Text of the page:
Historically, the automotive industry hasn’t always been the cleanest — there have been arguments about car emissions since cars started to have emissions systems. In recent years, though, the industry has both implemented and embraced several eco-friendly changes. How is the auto industry shifting to become more eco-friendly?

Improved Fuel Efficiency

Fuel Mileage

Until recently, it wasn’t uncommon to get single-digit gas mileage from large vehicles like trucks or vans — they’d have plenty of space for all your gear or your family, but you’d be refilling the tank frequently. Cars have also been notorious for their emissions — specifically, the carbon monoxide and other waste products that make their way through the vehicle’s exhaust systems.

Much of this was due to old engine technologies — overworked, inefficient engines burned fuel and created more waste. Newer cars are designed to burn fuel more efficiently, utilizing intake valves that help the car make the most of the fuel in its tank.

Hybrid and electric vehicles take that efficiency even further, either adding an electric motor to supplement the internal combustion engine or replacing the gasoline engine entirely.

Using Recycled Materials

Going Green

Upwards of 2.7 million new cars are made every single year, while more than a million old ones make their way to the scrap yard. More and more car manufacturers are turning to recycled materials to build their new cars — steel, plastic, aluminum and even fabrics can be recycled and reworked into new cars. Worn-down tires can be melted down and reworked into new ones.

Electric car manufacturers are even working on the way to recycle the lithium batteries that power their electric motors. They haven’t managed it yet, but once they do, it will reduce both the number of spent batteries in landfills and the cost of new batteries.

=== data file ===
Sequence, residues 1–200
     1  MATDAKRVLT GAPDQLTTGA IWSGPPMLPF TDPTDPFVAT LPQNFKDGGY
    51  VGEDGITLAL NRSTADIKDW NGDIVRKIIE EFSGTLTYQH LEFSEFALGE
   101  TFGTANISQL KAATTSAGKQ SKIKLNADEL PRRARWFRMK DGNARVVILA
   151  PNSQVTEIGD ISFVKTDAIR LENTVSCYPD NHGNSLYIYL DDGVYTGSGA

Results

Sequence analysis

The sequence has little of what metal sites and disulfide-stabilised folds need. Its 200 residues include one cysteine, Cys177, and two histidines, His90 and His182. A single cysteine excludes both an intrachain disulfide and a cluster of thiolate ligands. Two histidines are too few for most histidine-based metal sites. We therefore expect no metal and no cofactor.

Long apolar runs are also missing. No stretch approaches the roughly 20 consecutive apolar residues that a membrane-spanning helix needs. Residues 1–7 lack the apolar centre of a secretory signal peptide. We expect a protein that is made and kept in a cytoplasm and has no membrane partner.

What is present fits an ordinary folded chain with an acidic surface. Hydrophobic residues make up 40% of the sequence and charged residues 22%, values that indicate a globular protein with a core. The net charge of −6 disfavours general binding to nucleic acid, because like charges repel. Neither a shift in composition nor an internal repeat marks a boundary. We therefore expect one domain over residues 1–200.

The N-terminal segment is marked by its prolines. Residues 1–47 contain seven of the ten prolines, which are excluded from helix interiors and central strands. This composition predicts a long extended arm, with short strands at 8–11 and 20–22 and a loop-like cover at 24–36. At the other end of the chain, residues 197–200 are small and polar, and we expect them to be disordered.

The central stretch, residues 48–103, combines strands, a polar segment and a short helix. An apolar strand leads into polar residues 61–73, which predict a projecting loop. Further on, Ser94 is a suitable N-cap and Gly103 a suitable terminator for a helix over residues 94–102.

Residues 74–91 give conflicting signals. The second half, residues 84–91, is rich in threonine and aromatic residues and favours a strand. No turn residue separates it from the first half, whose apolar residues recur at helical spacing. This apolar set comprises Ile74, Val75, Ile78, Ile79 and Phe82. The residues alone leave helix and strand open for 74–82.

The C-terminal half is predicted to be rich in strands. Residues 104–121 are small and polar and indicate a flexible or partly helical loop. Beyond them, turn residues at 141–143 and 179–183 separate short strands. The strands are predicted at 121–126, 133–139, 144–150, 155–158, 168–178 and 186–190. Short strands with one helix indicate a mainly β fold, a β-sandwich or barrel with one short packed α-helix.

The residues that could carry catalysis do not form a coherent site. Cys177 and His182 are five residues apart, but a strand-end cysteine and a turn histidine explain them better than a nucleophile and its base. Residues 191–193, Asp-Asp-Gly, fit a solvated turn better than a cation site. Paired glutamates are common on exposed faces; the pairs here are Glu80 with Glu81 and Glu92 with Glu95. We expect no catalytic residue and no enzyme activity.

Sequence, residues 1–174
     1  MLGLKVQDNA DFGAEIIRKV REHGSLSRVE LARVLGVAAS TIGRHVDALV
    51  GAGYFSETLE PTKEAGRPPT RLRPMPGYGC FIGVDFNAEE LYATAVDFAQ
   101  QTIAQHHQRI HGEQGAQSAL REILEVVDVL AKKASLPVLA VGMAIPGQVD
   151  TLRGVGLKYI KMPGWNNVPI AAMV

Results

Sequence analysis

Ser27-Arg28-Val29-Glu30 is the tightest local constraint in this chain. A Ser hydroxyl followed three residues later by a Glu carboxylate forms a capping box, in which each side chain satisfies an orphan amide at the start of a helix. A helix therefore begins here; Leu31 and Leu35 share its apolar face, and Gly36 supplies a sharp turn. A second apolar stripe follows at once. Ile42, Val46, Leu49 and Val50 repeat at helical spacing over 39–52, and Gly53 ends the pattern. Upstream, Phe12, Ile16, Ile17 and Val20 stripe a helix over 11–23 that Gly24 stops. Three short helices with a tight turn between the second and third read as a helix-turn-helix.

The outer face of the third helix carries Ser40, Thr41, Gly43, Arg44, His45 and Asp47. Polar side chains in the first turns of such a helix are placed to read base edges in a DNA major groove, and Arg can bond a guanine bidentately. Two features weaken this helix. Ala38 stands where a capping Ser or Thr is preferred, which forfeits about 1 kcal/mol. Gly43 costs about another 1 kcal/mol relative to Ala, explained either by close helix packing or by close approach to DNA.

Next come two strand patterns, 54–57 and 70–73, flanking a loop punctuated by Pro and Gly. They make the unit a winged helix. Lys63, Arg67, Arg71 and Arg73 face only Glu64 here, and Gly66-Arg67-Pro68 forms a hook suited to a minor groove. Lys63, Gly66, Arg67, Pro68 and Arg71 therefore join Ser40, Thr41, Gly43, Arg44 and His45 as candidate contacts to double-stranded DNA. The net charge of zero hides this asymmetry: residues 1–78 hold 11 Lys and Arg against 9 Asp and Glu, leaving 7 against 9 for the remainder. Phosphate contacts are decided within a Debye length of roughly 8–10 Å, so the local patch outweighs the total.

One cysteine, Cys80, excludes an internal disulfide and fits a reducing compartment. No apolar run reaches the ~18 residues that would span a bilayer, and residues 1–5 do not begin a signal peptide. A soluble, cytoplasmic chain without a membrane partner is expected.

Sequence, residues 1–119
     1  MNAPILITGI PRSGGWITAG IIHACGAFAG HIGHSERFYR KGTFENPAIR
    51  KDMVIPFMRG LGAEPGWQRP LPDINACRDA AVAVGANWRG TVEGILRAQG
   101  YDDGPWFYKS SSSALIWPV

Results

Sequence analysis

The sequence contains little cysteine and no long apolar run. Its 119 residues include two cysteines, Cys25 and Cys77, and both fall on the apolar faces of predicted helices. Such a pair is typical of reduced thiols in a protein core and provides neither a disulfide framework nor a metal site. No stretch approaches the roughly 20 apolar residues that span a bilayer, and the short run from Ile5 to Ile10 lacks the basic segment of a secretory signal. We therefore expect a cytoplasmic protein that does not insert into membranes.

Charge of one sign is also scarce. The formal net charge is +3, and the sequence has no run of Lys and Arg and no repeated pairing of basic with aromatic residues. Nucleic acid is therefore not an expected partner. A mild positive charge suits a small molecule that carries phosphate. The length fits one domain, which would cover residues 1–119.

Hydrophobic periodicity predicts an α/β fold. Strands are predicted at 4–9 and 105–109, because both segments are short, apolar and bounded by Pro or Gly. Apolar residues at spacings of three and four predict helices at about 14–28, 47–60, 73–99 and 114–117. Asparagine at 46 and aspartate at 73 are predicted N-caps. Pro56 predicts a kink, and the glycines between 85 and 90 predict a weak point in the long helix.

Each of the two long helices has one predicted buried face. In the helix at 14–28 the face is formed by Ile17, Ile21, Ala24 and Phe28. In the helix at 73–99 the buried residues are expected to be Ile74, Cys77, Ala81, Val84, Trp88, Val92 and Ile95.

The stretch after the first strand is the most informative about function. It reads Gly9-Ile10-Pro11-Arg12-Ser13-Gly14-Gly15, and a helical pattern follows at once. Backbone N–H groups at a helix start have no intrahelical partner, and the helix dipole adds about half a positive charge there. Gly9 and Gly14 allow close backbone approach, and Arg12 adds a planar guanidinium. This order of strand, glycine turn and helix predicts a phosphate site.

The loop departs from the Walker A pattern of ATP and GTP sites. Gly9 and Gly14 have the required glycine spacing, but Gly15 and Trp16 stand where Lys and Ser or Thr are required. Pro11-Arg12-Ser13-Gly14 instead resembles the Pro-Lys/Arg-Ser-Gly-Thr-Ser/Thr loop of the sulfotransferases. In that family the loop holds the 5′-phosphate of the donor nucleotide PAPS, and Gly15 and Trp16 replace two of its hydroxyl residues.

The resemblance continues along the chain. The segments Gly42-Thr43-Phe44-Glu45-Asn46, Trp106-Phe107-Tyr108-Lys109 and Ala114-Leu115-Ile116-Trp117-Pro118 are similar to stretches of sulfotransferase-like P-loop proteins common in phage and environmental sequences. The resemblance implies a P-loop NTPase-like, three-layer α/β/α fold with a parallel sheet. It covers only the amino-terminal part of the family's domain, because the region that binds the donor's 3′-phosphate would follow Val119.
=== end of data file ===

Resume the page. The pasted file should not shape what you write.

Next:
Changes To Refrigerant

Car Air Conditioning Refridgerant

Your car’s AC system used to rely on Freon to keep the air cool — designated R-11, this chemical was used in cars until 1996, after which it was banned and replaced with R-134A. This second coolant was more eco-friendly, but still dangerous if released into the atmosphere. In spite of this, it was readily available at your neighborhood auto parts store, making it much simpler for backyard mechanics to maintain their car’s AC systems.

R-134A has since been phased out and replaced with HFO-1234yf, which is considered the most eco-friendly form of refrigerant — it’s still not safe to dump into the environment, but it poses less risk if it does happen to leak.

Electric Cars

Solo Electric Car

For the longest time, electric cars were considered unattainable — their battery packs were too heavy, and they required frequent charging, making them impossible for everyday use. Recently, though, that’s changed. Starting with Tesla, Elon Musk’s brainchild, electric cars have started to become so common there are supercharging stations in nearly every state, and more opening every year.

Tesla isn’t the only one making a foray into the electric car game — Hyundai, Volkswagen, BMW, Chevrolet, and Nissan are all releasing electric cars. Volvo recently announced plans to stop producing gas-only cars by 2019 — after that model year, all new Volvos will either be fully electric or electric hybrids. Even luxury sports car manufacturer Rimac has released a concept for a fully electric vehicle, but that one will set you back $1 million or more.

Low Rolling Resistance

Tire Pressure

Proper tire pressure is essential if you hope to get the best fuel economy out of your car, but did you know the rolling resistance of the tires themselves can affect your car’s efficiency? Tires with the lowest rolling resistance require less power to move them across the road’s surface. A Consumer Reports study found tires with low rolling resistance can improve fuel economy by nearly 6 percent — in some cars, that’s almost two miles more per gallon.

Newer cars also use tire pressure sensors to alert you when your tire pressure is too low. Losing just one psi in tire pressure can cost you 0.4 percent of your fuel economy. That adds up quickly when you let your tires get low.

Nowadays, driving a car doesn’t mean you necessarily have to contribute to pollution. The automotive industry is constantly changing and improving to reduce waste and environmental impact.

Kate Harveston
Kate Harveston is a freelance writer from Pennsylvania. She mainly writes about legal issues and the political realm, but her work has covered a wide range of topics. If you like her writing, you can follow her on Twitter or subscribe to her blog,